IF YOU HAVE BEEN CHARGED WITH A CRIME OR ARE FACING A STUDENT JUDICIARY HEARING, CALL KIM STEPHENS TODAY FOR PROFESSIONAL ADVICE AND A POWERFUL DEFENSE. 706.548.3933

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Kind Words and References

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Mike & Kim,

Thank you for taking the time to talk to me about the problems my family is facing. Ya’ll have been more than helpful.

Mike, you have been a great friend since elementary school. As I was sitting in my office angry and frustrated,I looked down and saw your picture in an ad on the phone book. I smiled, grabbed my phone and dialed the number. I was shocked when the girl put me through to you. That is unheard of in business today and a testament to your firm. I really appreciate your friendship and hope I can repay you some day.

Kim, I can’t thank you enough for taking the time to call me and answer my questions and offering to help. That too says a lot not only about your firm but your character. You were more helpful than you realize.
From now on, if anyone ask me to recommend a law firm, you guys will be the first to come to mind. I just pray I never need your services. But if I do, you can bet I will call you guys first.

Thank you again,
J. I.

– See more at: http://www.athens-lawfirm.com/blog/kind-words-and-references/#sthash.vG4nKBZ0.dpuf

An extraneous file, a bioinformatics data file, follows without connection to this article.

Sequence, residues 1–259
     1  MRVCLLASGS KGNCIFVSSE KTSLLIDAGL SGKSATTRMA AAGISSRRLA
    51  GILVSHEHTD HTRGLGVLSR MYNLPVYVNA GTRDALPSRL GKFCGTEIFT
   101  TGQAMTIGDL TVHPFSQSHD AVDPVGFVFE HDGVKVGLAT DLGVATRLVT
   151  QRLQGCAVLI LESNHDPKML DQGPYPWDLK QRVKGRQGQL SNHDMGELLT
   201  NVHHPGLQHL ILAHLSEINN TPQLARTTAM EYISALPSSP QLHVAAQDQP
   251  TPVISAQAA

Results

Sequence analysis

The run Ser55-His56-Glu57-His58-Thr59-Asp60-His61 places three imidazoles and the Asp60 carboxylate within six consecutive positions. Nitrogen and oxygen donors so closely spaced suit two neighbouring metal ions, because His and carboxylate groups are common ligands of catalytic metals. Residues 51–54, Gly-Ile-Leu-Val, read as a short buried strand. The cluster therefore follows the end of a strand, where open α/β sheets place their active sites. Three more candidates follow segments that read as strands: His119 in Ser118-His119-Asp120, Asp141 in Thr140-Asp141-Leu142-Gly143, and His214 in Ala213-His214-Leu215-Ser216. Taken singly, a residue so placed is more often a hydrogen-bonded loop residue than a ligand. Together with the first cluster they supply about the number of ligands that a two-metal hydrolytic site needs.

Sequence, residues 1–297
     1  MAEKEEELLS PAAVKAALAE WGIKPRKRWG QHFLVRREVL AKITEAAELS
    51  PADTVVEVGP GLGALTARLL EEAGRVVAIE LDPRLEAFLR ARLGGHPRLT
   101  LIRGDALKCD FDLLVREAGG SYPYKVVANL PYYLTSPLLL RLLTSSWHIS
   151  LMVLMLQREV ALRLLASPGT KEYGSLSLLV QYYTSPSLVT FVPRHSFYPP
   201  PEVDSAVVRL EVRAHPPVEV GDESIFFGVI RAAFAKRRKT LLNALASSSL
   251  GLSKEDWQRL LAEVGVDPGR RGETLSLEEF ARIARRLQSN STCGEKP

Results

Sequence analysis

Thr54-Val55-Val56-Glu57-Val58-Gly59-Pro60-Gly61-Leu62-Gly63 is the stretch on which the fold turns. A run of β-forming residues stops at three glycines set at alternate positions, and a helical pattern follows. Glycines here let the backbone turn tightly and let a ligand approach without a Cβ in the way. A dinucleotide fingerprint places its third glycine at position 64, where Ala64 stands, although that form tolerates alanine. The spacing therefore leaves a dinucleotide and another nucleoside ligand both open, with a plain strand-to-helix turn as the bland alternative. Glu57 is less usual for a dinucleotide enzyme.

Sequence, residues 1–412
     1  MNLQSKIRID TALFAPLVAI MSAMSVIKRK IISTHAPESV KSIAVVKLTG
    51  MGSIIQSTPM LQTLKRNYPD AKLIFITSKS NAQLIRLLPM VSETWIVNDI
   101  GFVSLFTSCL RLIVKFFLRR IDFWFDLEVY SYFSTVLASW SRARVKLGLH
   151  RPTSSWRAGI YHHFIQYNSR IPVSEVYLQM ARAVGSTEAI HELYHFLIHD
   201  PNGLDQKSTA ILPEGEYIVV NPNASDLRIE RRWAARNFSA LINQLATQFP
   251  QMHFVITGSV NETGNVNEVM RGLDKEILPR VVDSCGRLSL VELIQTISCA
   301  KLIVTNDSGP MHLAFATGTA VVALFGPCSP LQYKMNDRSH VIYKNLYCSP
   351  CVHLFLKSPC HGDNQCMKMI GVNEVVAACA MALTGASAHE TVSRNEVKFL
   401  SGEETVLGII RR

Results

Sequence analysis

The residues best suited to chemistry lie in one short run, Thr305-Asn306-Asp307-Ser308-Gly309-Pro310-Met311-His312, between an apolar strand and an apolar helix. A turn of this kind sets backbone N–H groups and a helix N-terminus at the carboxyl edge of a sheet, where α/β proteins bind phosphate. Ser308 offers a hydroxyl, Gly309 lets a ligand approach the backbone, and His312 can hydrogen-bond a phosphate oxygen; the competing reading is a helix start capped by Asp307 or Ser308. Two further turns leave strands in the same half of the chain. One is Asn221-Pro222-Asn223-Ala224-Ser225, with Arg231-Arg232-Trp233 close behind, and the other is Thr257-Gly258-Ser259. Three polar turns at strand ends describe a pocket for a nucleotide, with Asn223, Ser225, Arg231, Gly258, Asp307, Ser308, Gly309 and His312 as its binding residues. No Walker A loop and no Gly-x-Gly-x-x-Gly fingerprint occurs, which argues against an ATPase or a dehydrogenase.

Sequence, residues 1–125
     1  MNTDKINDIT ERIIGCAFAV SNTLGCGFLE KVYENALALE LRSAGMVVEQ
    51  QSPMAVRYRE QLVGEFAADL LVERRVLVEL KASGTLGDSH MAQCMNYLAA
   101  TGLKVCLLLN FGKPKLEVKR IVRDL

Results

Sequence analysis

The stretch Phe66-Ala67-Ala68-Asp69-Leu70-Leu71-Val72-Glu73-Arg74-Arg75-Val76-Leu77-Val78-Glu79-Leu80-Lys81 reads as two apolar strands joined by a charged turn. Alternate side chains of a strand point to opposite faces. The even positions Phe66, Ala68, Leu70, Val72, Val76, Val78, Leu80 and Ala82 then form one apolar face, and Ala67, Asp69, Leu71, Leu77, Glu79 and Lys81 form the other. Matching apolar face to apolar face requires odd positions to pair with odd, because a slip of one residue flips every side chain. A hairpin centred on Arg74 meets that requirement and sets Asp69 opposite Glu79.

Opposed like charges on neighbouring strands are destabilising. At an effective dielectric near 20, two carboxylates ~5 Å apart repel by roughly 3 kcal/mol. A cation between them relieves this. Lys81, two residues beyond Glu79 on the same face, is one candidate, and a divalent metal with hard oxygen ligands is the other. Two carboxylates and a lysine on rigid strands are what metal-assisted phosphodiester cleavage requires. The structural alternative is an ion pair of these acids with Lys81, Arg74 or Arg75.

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Supreme Court Holds that Fair Sentencing Act Applies to Post-Act Sentencing for Pre-Act Conduct

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On June 25, 2012, the U.S. Supreme Court issued its opinion in Dorsey v. United States (No. 11-5683), holding that the Fair Sentencing Act’s new LOWER mandatory minimums apply to sentences for crack cocaine imposed after the Act for pre-Act crimes.

While this U.S. Supreme Court decision is exciting and good news for some defendants, attorney Kim Stephens successfully argued in the United States District Court for the Middle District of Georgia that his clients should be sentenced under the lower guidelines set forth in the Fair Sentencing Act in 2010 using many of the same arguments raised in Dorsey almost 2 years ago. As a result, Stephens’ clients were sentenced to much less time, i.e. several years less time, than they would have been sentenced to if the Fair Sentencing Act had not applied to pre-Act conduct.

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Judge sentences our firm’s client to probation while sentencing co-defendants to lengthy prison terms

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Following a client’s guilty plea to burglary and other serious felony offenses, attorney Kim Stephens persuaded a judge in Athens-Clarke County, Georgia to grant his client First Offender treatment which kept the client from having a felony conviction on his record among other benefits.  Most importantly, though, Stephens persuaded the judge to sentence his client to probation with no time to be served in prison.  The two co-defendants in the case, our client’s father and brother (both of whom were represented by other attorneys), were sentenced to 8 years and 6 years in prison respectively to be followed by lengthy terms of probation.